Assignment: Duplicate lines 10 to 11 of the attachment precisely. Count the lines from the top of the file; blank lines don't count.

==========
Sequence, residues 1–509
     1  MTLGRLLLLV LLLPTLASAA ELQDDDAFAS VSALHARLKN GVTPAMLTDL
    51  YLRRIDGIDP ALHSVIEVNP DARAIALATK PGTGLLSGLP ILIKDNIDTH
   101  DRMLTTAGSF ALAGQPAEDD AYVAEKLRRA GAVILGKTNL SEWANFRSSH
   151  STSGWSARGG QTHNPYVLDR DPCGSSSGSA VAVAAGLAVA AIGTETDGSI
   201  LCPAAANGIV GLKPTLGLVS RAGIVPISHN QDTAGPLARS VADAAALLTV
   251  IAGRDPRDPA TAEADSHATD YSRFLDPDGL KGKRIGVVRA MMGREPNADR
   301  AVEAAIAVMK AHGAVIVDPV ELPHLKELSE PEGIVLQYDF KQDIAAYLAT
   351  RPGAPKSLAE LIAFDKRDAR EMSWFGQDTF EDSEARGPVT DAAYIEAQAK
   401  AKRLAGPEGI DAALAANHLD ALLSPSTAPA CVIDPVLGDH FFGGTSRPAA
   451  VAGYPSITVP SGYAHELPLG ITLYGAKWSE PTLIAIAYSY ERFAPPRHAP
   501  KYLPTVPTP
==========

   401  AKRLAGPEGI DAALAANHLD ALLSPSTAPA CVIDPVLGDH FFGGTSRPAA
   451  VAGYPSITVP SGYAHELPLG ITLYGAKWSE PTLIAIAYSY ERFAPPRHAP